But I do know everyone needs Jesus.  And he is the great healer.  He can use all manner of resources or none at all!  That said, here are some quick and easy ideas for bucket-filling on days you need a little pick-me-up.

Self-care “Bucket List”

Dawn’s TOP Ideas for Re-filling a Poured-out Parent’s Bucket

As a mom of seven, I am familiar with the constant need for parents to pour themselves out for their families.  I’m also familiar with the feeling that you are running on fumes. That bucket is feeling pretty dry at times.

 

We sometimes tend to feel like we are being selfish to do something for ourselves that is more than tending to basic needs.  I’ve felt that way myself at times. But I’m learning that I am my own best resource. And taking care of me as a good steward of my resources is necessary to offer the best I can to those I hold most dear.  When taking care of yourself means taking better care of your family, I don’t think that’s selfish or self-centered.

 

What exactly is Stewardship?

 

“stewardship expresses our obedience regarding the administration of everything God has placed under our control, which is all-encompassing. Stewardship is the commitment of one’s self and possessions to God’s service, recognizing that we do not have the right of control over our property or ourselves.”  ~ Institute for Faith, Work, and Economics    

 

When our self-care is from a motive and perspective of stewardship rather than selfishness we can then understand that taking good care of ourselves is our responsibility.  As a Christian, I know that I am not my own. I belong to God and have a responsibility to him to do the best with what he has given me. If I am an emotional wreck or sleep-deprived shell of myself, I may need to do some adjusting.  

 

Without further ado, here are a few of my top ideas for getting that parent bucket filled.  You can use this as a jumping off point to add more ideas of your own that will likely be even better as they are personal to you.  This is by no means an exhaustive list.

 

#1 Connect with a (non-judgmental) friend.

If you can do it it’s great to connect face to face; otherwise take a few minutes to connect in the best way you can whether that be a call, text or video chat.

#2 Let something go so you can get more/better sleep.

However you do it whether you go to bed a bit earlier, sleep a bit later or slip in an afternoon nap it’s ok to get some rest!  Do you know that sleep time is very important for certain hormone production?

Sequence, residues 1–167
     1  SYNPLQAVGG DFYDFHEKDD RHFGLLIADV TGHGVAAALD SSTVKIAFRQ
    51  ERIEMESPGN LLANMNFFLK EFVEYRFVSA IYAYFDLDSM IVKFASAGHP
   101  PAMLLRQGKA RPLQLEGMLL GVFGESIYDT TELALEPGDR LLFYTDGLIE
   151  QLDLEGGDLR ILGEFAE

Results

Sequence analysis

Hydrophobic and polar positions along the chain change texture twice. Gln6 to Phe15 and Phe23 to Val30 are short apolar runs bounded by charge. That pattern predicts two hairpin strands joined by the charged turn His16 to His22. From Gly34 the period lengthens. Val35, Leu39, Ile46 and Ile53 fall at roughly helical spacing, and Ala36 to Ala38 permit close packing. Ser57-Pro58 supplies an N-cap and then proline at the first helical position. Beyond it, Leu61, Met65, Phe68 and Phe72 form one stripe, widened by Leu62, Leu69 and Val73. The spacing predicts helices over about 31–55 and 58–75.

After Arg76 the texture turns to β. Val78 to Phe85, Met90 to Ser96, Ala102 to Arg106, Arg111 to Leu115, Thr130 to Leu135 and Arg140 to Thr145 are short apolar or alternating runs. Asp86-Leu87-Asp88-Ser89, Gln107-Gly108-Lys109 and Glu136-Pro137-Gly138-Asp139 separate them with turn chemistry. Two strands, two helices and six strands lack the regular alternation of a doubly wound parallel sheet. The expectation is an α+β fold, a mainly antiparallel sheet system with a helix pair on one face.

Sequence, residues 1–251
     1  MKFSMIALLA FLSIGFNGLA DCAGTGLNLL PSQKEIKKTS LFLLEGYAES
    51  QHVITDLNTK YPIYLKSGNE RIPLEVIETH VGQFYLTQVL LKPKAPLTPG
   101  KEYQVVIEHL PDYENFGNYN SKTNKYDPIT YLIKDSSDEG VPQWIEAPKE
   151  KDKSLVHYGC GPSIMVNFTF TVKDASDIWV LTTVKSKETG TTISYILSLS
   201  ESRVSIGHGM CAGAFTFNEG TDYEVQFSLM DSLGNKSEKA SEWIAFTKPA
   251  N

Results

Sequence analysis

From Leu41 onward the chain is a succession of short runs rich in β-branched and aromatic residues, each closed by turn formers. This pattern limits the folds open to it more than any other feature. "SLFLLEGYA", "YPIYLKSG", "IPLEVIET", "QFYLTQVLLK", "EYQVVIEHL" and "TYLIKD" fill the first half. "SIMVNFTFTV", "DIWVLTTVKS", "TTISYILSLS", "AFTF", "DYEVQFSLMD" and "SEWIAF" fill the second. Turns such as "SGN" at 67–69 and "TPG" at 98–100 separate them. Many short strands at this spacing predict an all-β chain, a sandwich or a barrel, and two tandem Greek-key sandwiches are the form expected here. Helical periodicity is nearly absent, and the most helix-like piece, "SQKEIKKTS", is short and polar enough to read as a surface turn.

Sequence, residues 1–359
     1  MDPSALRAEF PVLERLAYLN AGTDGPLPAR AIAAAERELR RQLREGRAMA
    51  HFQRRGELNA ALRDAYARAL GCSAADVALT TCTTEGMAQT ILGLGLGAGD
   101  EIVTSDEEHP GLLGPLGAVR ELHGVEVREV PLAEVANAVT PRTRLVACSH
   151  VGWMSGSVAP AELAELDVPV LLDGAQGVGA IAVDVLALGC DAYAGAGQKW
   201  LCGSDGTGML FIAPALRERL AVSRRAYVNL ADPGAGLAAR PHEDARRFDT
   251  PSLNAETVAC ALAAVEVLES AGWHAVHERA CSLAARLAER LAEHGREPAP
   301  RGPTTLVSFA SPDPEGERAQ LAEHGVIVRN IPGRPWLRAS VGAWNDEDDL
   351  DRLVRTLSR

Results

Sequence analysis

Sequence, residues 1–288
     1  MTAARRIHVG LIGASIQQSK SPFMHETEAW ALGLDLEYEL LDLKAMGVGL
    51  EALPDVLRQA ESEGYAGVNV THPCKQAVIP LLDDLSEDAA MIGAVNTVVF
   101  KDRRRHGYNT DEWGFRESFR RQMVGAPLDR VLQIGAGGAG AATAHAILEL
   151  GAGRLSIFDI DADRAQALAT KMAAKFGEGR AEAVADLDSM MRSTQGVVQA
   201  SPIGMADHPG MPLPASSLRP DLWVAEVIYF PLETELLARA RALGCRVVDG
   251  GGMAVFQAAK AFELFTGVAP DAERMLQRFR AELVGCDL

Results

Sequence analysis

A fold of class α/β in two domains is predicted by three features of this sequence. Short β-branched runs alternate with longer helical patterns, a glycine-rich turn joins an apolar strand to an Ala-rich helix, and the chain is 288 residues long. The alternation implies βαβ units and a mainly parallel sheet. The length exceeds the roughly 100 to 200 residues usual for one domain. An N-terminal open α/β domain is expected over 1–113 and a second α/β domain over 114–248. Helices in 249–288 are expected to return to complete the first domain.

At night, I like to use essential oils to help me relax and get some shut-eye:  One of my favorite sleep blends is Cedarwood, Vetiver, and Lavender together in a diffuser or roller bottle topped with a carrier oil like olive oil or in a bedside cool mist diffuser.

 

#3 Read or watch something lighthearted.

Laughter is good medicine and can be just the thing to lighten your perspective.  Watching a fun movie with the family can be a good way to soften built up tensions with a shared experience.

 

#4  Indulge in a special snack.

It doesn’t have to be the most calorific snack or anything guilt-laden.  But just as a snack can diffuse the “hangry” in kids, it might help us too!

 

#5 Deep Breathing.

At one point, during a particularly stressful time, I set alarms on my phone to take a few moments and do some deep breathing throughout the day.  . . . In 2, 3, 4 . . . out 2, 3, 4 . . .

 

#6 Take a luxurious bath (or at least a long shower break)!

Self-care may be getting back to the basics if you’ve been in survival mode.  Using delightfully scented soaps, shampoos, and bath salts and following up with a light lotion or skin oil can make you feel pretty pampered.  

 

I like to use toxin-free soaps and shampoos infused with essential oils.  

 

#7 Get Moving!

Perhaps it’s not resting you need as much as to get moving.  Exercise, even just a little, can be a good pick-me-up. Plus, as an added bonus, exercise can even help you to sleep better —  provided it’s not too close to bedtime.

 

#8 Drink something.

Even slight dehydration can get you feeling yucky.  So drink water or another hydrating beverage to stay hydrated. *One of my favorites is Ningxia Zing!  

 

#9 Go Outdoors!

For eons, parents have known to send their kiddos outside for better health all over the world.  Guess what? It goes for adults, too! Fresh air and the sunshine vitamin (vitamin D) are necessary for each of us.

 

#9 – Listen to Happy Music!

Alone or better yet – – with the kiddos – – listening to music (and even sing and dance along) is a great way to bring on the smiles.

 

#10 Take time to read a Bible passage and pray.

This is important to me as a Christian.  The Holy Bible is God’s Word, his messages to us.  I speak to him through prayer and he speaks to me through his Word.